Regarding the balance between pro- and anti-inflammatory cytokines and its influence on the course of inflammation mediated by T lymphocytes, we decided to evaluate TNF-[alpha], IFN-[gamma], and IL-10 production by PMA-stimulated lymphocytes using a flow cytometry platform. The results were presented as mean fluorescence intensity (MFI), which allows the correlation of the signal emitted by fluorescent-conjugated specific monoclonal antibodies and the cytokine expression by specific cells. Three different concentrations of AQU (25, 50, and 100 [micro]g/mL) were used to verify the inhibitory effect of the plant extract on the pro-inflammatory cytokine production. According to the results, the expression of IFN-[gamma] in lymphocytes was 4.8-fold lower in cultures treated with PMA plus AQU (100 [micro]g/mL) than in cultures treated with PMA alone (Figure 3A). Similarly, in the cell cultures treated with 100 [micro]g/mL AQU, the TNF-[alpha] expression was 3.8-fold lower than in the PMA-stimulated cell cultures (Figure 3B). There were no differences in the IL-10 production by lymphocytes between cell cultures submitted to different experimental conditions. In summary, the P. brasiliensis aqueous extract exerted a strong inhibitory action on pro-inflammatory cytokine production in stimulated T lymphocytes in vitro.

Because lymphocyte proliferation is a pivotal and essential event in immune-mediated inflammatory response (19), we also evaluated the proliferative response of cells treated with AQU extract. All tested concentrations of the AQU extract reduced the proliferative response of T lymphocytes, including CD4+ and CD8+ cells (Figure 4). These data support the finding that AQU extract exhibits an anti-inflammatory effect in vitro, and strengthens the validity of the data collected in the cytokine analyses. The inhibitory effects observed suggest that AQU extract components may interfere with cellular activation mechanisms directly involved in cytokine production and lymphocyte capacity expansion.

The results obtained in our biological assays of the AQU extract of the plant revealed an anti-proliferative action on human lymphocytes and an inhibitory effect on pro-inflammatory cytokine production in vitro. Chemical analysis of AQU extract was carried out to verify the presence of chemical compounds with anti-inflammatory activities that have already been described in the literature. Previous studies with P. brasiliensis apolar extracts revealed the presence of triterpenes and sesquiterpenes, such as hidroxigermacreno, lupeol, [beta]-amyrin acetate, spathulenol, cadinene, cadinol, oplopanona acetate, and [alpha]-acetoxy-[beta]-amyrin (20). Moreover, the essential oil from the leaves contains the major compounds terpinen-4-ol, [gamma]-terpinene, [alpha]-terpinene, and [alpha]-terpineol (21). However, no study has been conducted to identify the chemical compounds present in the polar extract of P. brasiliensis, a similar formulation used in folk medicine.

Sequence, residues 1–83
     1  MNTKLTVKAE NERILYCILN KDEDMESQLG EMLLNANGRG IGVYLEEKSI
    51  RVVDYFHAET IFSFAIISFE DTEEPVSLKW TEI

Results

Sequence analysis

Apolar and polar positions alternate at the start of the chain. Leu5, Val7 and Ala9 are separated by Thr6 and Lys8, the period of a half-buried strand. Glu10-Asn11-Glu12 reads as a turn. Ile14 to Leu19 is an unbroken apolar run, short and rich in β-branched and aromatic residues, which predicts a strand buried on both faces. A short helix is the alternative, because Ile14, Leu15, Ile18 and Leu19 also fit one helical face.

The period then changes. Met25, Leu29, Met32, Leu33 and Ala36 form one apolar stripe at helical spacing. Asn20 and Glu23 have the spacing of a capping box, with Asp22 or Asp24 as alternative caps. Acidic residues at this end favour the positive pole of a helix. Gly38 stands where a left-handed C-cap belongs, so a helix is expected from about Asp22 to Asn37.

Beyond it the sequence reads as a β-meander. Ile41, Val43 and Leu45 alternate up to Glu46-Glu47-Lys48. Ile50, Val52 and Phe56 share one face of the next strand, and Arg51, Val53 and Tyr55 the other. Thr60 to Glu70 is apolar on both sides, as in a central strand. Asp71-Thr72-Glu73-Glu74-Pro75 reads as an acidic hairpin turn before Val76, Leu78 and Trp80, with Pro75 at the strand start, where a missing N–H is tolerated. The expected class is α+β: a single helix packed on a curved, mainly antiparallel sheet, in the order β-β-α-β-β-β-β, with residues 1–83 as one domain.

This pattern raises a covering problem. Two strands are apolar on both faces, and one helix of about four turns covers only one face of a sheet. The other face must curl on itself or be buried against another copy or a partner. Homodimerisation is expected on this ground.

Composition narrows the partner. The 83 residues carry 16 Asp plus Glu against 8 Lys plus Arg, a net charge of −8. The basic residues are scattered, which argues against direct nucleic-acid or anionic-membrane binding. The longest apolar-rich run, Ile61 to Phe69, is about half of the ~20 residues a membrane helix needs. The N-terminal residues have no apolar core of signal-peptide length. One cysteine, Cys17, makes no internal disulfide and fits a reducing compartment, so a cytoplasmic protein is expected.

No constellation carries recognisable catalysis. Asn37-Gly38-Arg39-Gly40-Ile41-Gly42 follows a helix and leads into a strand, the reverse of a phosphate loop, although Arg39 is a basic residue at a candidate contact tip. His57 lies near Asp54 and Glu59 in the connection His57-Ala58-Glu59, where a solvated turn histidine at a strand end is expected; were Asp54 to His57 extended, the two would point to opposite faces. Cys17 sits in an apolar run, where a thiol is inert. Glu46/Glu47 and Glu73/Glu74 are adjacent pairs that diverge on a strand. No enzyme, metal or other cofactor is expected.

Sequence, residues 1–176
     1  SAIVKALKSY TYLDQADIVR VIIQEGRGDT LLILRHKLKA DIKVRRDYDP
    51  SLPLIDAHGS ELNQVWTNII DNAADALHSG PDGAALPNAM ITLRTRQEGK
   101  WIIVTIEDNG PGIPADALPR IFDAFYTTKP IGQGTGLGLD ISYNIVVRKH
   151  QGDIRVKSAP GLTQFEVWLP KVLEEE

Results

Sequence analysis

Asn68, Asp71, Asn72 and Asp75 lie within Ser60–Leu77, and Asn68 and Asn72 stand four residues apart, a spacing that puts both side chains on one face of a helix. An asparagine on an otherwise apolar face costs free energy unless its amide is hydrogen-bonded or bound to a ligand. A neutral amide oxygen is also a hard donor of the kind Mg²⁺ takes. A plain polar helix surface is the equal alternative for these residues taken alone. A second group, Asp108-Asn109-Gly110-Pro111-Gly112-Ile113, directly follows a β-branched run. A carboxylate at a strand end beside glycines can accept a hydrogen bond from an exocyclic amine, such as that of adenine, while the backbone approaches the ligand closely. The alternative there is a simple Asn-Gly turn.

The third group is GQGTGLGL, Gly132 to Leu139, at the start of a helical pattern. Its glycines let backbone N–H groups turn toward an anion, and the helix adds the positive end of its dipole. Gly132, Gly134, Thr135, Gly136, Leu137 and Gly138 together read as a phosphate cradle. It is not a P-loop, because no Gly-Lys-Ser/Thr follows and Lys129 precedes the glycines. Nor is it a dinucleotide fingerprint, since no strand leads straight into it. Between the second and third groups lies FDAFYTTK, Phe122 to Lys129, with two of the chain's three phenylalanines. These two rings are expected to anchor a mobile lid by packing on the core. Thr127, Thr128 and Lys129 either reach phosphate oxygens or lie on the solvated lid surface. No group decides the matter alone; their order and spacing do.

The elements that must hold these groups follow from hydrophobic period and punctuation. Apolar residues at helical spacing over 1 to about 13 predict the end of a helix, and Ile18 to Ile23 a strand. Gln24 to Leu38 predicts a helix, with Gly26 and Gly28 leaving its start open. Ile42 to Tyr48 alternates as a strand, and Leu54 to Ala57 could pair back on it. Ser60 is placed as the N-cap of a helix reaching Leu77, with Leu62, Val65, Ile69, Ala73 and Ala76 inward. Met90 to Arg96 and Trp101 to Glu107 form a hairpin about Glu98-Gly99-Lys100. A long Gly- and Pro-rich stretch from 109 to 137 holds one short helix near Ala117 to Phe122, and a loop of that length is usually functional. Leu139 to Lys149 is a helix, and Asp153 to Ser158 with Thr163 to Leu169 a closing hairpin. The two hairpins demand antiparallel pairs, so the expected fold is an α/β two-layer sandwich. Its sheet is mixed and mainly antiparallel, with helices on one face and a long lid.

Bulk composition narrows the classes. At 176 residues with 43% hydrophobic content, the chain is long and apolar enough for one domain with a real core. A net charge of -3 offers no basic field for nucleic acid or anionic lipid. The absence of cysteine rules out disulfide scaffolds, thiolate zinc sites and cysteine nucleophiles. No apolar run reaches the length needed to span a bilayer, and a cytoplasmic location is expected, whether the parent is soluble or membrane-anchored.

To identify the chemical components in the AQU extract, we performed LC-PDA-MS, ESI-MS, and ESI-MS/ MS (direct infusion) analyses (Figure 5). The results indicated the presence of quinic acid and its derivatives, 5-caffeoylquinic acid and 3, 5-dicaffeoylquinic acid. These derivatives are known as chlorogenic acids, which are a variety of polyphenolic acids present in food and medicinal plants. Furthermore, the presence of the ions m/z 609 and m/z 285 suggests the presence of the flavonoid luteolin (m/z 285) and its derivative luteolin dihexoside (m/z 609).

Hepatoprotective, antioxidant, anti-inflammatory, and analgesic actions of quinic acid and its derivatives have been previously described (22-26). The quinic acid derivative obtained from Pimpinella brachycarpa (Umbeliferae) showed an inhibitory effect against nitric oxide (NO) production in microglia (26). Chlorogenic acids, including 5-caffeoylquinic and dihidrocafeilquinic acids, are among the main constituents of the aqueous extract of Brazilian green propolis collected from Apis mellifera hives. This extract showed an anti-inflammatory effect in rats that received both subcutaneous implantation of polyester-polyurethane sponges cut into disks and oral treatment with 500 mg/kg of green propolis (27).

The in vitro anti-inflammatory effects of 5-o-caffeoylquinic acid were demonstrated by its inhibitory action on NO production, expression of COX-2 and iNOS, and production of pro-inflammatory cytokines (TNF-[alpha], IL-1[beta], and IL-6) and adhesion molecules in LPS-stimulated murine microglia/macrophages. It was also demonstrated that 5-o-caffeoylquinic acid inhibited the nuclear translocation of NF-[kappa]B (28).

Quinic acid derivatives, including 3, 5-dicaffeoylquinic acid, are also present in Lychnophora ericoides (Aster-aceae), popularly known as arnica-da-serra. The 3, 5-dicaffeoylquinic acid purified from the polar extract of L. ericoides demonstrated analgesic activity in animal models of acetic acid-induced abdominal contortion (22).